Title: Inside The Peloton: My Life As A Professional Cyclist
Author: Nicolas Roche (with Gerard Cromwell, foreword by Sean Kelly, afterword by Bradley Wiggins)
Publisher: Transworld Ireland
Order: Random House
What it is: A collection of Nicolas Roche's Grand Tour newspaper diaries, padded out with extra biographical detail.
Strengths: Fans of Roche will love it.
Weaknesses: It's a pretty bland ride through Roche's life and cycling career.
If cycling were a popularity contest, Nicolas Roche would be a winner. Like his father before him, the man knows how to be the media's friend and a fans' favourite. Through his Grand Tour diary columns in Irish newspapers he hasn't just eclipsed his fellow Irish pros - Philip Deignan (Vuelta a España stage winner, 2009), Daniel Martin (Vuelta a España stage winner 2011) and Matt Brammeier - he has all but nullified their presence in the peloton to the point that casual sports fans in Ireland (and general sports editors in the Irish media ) seem to assume there is just one cyclist flying the flag for Irish cycling.
Cycling of course is not a popularity contest. It is about winning. Roche's wins since turning pro can easily be summarised:
Nicolas Roche's Palmarès 2005-2011
(2005-2006, Cofidis; 2007-2008, Crédit Agricole; 2009-todate Ag2r)
|Tour de l'Avenir||2006 (stage)|
|Irish National Championships (ITT)||2007|
|GP Internacional Paredes Rota dos Móveis||2008 (stage)|
|Tour du Limousin||2008 (stage)|
|Irish National Championships (RR)||2009|
|Tour of Beijing||2011 (stage)|
That Tour of Beijing stage win would have been the perfect place to end Inside The Peloton, a high point that might justify (for some) all the excuses that preceded it. But, alas, the book ends before even the 2011 Vuelta a España. How, then, do you squeeze five wins into 394 pages? Well you could write an awful lot about Roche's early childhood, but thankfully that's done and dealt with by page thirty (apart from his parents' divorce, it was mostly happy). By page forty Roche has begun his pro career, the first two years of which whizz past in a couple dozen pages, bringing us up to the 2007 Giro d'Italia and the first instalment of the real meat and two veg of Inside The Peloton: those newspaper diary columns Roche has been producing detailing his Grand Tour experiences.
Those diary columns are, alas, Inside The Peloton's biggest problem. They're not a problem in that you've already read them: chances are, you haven't. Nether the Irish Daily Star (where the columns originally began, in 2007, following the success of similar columns by Mark Scanlon during the 2005 Tour de France) nor the Irish Independent (where the columns have been appearing since 2009) offer what could be described as user-friendly websites. Even with the aid of Google tracking down all the individual columns takes a degree or three of effort. No, the primary problem with the newspaper columns is that, collected in a book, they are stripped of the context of their original form, a point I also had to make about Bradley Wiggin's 2010 Tour diary, On Tour. During a Grand Tour such columns are nice enough little colour pieces, when they sit side by side with actual reporting of the race, but take them in isolation and, well, something's missing.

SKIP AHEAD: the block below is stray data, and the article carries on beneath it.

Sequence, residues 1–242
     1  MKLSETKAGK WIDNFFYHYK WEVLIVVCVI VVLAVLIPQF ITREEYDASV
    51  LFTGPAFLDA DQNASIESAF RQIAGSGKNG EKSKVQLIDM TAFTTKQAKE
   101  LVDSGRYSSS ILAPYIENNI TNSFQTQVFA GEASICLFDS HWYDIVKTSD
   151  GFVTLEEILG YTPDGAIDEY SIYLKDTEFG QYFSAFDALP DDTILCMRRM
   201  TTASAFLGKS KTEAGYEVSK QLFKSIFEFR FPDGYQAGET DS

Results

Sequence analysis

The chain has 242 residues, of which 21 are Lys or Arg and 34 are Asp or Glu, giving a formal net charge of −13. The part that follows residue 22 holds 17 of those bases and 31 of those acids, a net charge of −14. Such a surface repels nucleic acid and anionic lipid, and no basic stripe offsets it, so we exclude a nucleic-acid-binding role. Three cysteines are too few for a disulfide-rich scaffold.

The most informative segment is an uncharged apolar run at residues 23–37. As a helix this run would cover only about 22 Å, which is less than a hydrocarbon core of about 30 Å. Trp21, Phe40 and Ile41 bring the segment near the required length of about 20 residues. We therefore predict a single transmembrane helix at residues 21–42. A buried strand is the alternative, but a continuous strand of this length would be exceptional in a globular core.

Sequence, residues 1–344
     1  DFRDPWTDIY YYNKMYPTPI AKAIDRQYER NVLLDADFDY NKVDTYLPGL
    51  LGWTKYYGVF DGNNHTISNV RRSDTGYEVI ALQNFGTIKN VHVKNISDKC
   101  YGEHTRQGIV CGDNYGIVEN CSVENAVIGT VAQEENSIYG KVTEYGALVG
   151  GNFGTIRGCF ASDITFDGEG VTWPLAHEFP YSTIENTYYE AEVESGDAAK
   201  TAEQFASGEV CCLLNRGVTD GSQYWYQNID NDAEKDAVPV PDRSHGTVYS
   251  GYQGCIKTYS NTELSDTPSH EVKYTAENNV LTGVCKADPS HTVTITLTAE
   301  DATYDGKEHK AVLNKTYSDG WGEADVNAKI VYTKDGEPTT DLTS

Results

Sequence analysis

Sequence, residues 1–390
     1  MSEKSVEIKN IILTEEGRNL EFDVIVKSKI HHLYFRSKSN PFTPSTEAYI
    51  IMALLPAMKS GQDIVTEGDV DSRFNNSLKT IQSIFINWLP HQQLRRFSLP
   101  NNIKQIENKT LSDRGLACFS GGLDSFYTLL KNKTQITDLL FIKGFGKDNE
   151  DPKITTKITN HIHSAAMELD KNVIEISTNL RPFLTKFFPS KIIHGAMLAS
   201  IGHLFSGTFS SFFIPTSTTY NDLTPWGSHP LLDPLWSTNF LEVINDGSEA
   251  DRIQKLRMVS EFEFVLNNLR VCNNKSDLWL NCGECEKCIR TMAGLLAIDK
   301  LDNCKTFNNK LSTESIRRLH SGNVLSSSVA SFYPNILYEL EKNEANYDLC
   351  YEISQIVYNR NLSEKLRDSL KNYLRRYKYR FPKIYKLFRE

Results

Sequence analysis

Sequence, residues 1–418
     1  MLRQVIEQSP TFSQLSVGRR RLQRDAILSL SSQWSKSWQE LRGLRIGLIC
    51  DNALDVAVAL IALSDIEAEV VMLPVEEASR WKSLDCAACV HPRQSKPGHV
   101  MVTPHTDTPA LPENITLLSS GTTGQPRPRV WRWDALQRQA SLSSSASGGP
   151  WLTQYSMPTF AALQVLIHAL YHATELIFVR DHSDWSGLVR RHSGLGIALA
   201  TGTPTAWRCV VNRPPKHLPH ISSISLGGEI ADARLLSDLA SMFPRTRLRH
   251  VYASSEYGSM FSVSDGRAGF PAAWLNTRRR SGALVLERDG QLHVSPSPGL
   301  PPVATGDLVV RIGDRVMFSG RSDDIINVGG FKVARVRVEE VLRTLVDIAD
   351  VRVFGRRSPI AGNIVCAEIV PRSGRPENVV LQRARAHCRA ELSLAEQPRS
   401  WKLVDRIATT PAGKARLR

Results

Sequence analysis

Another problem with the diaries is that they are written for general sports fans, so everything is explained, such as the way mountains are ranked or time is taken in a team time trial. Fine, I'm used to this at this stage, everybody has to write the Dummy's Guide To Cycling. The problem comes when you collect the individual diaries - the 2007 Giro, the 2009, 2010 and 2011 Tours and the 2010 Vuelta (in all, nearly 220 of the book's 394 pages) - and put them into one book: you get lots of repetition.
The biggest problem though with rider diaries is that there is little or no time for reflection. On the upside, yes, the diaries have a certain sense of immediacy about them, which is what you want of a daily newspaper column. But reading them in book form you can't help but notice all the points you wish Roche would expand upon. You'd think, given that this is a book, there would be time to revisit those points and follow them up, develop them. But there's isn't. Strip out the diaries and the childhood and you've got little more than a hundred pages to play with and these are filled mostly with other races Roche hasn't won, plus, of course, the few victories he does have to his name. The relentless forward progress, detailing this that or the other race, leaves little or no room for pause.
Inside The Peloton does close with some momentary reflection, eight pages in which Roche tries to explain himself:
"I come from a good background, I didn't have to ride my bike to make money. I could have gone to college and got a degree like my sister or I could have got a job somewhere else. But it's what I wanted to do. Maybe my dad had a lot to do with it. I wanted to prove I could do it myself. Maybe I still do."
For me, settling down to read Inside The Peloton, there were two big questions I wanted answered about Nicolas Roche, two issues I hoped Roche would have time to reflect upon and explain. These were:
1) Why is Roche focussing on riding for fifth, sixth or seventh in the Grand Tours when he could be challenging for stage wins, or winning minor tours?; and
2) Why is Roche such a shit time trial rider?
The latter first. Stephen Roche - Roche's father - makes this point in the closing pages of Inside The Peloton:
"[Nicolas] has incredible power. He has the ability to pedal and push a big gear, so I always say he will definitely climb some day because, on the climbs, you need to be able to do both. It's the same in a time trial, so it has to be his brain or his preparation that's letting him down at the minute. Some day, if he gets it all right, he will be able to climb and time trial."